The survey presents the different landforms that may be on a property. It is a three-dimensional rendering of the property that includes both man-made and natural features. It could show power transmission lines, elevations, lakes, railways, rivers, roads and land contours. Not all land is suitable for specific building projects, making this form of survey an essential part of planning and development.

Utility Locating

When a surveyor performs a base mapping, it’s a basic overview of the features of the property. These are a foundation for developing site plans, but more in-depth information is often needed.  With utility locating, the information goes beyond what is available through public and private records. The surveyor captures manholes, above-grade valves, below-ground utilities and more to show the extent of what is currently available on the property or will need to be brought in.

Technology for a Land Surveyor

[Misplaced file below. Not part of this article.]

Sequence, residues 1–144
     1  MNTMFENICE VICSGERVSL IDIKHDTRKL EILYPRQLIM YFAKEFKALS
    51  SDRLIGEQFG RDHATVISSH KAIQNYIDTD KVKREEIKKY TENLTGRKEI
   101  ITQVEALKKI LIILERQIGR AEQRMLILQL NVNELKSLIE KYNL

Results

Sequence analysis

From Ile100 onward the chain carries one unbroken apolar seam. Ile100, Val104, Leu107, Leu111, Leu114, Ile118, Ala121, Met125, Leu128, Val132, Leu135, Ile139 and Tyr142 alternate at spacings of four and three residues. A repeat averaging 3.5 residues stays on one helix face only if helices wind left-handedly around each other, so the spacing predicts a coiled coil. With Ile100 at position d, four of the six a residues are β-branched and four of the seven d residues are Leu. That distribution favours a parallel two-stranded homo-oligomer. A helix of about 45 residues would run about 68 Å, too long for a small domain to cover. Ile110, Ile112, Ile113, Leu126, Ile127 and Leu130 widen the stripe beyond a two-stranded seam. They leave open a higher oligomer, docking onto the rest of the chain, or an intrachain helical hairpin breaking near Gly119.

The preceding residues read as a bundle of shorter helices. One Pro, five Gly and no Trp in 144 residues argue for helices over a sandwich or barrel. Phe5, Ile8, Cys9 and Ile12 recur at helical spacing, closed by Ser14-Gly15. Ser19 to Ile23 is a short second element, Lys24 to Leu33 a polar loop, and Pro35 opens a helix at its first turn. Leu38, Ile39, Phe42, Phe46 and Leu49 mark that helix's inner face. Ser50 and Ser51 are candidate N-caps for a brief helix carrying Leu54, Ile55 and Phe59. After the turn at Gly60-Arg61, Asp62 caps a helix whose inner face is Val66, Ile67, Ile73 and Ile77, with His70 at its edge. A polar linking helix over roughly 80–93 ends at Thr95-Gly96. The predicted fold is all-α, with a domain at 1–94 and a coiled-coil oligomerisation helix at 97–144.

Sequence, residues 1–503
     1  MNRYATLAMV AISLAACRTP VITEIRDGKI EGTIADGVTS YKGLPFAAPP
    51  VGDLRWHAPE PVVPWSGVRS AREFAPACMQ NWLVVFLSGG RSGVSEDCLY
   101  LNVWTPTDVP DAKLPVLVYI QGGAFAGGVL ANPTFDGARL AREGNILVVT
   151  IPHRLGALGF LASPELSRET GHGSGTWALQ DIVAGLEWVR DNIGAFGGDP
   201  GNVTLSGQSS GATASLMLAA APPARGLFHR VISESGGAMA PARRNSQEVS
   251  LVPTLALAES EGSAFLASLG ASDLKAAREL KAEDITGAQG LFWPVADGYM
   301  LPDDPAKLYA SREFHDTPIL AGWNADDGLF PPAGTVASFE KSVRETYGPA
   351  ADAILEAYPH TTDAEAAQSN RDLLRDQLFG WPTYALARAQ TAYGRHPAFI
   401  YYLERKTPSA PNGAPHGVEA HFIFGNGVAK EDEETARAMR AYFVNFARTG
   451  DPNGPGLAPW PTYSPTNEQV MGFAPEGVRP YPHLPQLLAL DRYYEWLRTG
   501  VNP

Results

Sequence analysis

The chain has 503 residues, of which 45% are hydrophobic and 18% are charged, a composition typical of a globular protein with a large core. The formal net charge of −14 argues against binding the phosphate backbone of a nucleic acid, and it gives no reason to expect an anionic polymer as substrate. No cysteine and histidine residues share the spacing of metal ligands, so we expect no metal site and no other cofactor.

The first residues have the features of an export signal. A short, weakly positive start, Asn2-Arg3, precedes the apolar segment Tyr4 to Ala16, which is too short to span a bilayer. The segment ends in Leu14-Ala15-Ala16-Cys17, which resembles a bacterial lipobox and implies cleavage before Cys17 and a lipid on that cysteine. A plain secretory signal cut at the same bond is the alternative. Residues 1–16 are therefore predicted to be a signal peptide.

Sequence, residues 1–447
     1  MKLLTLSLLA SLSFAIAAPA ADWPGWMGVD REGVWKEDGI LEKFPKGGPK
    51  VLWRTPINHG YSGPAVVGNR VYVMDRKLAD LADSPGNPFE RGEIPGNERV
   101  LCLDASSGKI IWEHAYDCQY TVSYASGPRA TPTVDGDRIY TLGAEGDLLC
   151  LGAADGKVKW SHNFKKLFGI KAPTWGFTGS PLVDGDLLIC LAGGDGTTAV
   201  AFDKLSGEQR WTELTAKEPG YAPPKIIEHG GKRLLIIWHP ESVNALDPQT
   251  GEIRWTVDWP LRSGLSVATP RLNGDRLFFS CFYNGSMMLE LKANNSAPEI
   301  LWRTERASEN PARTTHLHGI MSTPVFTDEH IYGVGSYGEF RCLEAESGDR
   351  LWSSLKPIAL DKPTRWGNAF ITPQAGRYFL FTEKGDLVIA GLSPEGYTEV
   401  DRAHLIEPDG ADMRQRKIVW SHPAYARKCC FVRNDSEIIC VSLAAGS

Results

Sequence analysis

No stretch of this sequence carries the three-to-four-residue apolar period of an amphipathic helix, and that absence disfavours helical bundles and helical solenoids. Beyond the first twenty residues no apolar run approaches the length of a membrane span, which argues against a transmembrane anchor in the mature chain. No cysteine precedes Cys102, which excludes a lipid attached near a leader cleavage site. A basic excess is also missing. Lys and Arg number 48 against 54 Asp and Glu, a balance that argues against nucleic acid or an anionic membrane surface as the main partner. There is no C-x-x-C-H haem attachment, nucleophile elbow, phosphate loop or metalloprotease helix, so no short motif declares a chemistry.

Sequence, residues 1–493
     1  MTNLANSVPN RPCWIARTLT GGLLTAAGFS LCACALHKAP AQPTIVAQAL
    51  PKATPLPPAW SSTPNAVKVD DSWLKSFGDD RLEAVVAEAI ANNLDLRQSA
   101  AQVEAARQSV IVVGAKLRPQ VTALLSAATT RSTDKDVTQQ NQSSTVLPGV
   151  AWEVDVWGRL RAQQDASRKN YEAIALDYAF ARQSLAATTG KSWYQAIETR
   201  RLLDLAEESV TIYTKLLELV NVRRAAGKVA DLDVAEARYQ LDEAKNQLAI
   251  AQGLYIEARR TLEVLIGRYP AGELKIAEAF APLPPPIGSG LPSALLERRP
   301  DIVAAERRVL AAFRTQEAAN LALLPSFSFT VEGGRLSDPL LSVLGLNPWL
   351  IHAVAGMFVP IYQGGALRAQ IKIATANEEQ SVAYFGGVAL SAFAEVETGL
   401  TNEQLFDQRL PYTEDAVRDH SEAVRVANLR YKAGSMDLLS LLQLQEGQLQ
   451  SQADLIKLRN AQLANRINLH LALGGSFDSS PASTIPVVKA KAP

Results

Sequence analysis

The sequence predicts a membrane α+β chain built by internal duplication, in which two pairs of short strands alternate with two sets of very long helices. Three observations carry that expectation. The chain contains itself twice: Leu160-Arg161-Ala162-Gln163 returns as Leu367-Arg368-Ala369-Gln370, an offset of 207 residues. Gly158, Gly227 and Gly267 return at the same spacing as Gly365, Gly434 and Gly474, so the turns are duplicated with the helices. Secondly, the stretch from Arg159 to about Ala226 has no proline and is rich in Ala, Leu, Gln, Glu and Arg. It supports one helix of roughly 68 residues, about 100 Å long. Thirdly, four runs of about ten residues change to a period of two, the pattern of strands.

Thanks to advancements in technology, surveyors can work more quickly and accurately. Although many tools are still in use from the initial development of the field, professional surveys have access to remote sensing, satellite imagery, drones, lasers and 3-D scanning. Cutting-edge technology, combined with an in-depth knowledge of engineering, math and physics are what set professional surveyors apart from the rest.

Survey Equipment Commonly Used by a Surveyor

The right survey equipment makes it easier for a land surveyor to do the job well. Professional, licensed surveyors know the brands to purchase and how to operate the equipment, lending accuracy and efficiency to the surveying process. The following are some common items manufactured by SitePro that you will find used by surveyors.

SitePro - Gammon Reel and 16 oz Plumb Bob Sheath Kit


This kit is ideal for those who want to remain organized while on the job. It houses Gammon Reels and Plumb Bobs in a quality leather sheath. The Gammon Reel can be easily worked from the palm, with an internal steel clock spring to help reload the string back into the housing unit once you are finished with it. The 16-ounce plumb bob uses ASA thread and has a hardened steel screw cap for durability. The sheath is heavy-duty leather and stitched using extremely durable nylon thread.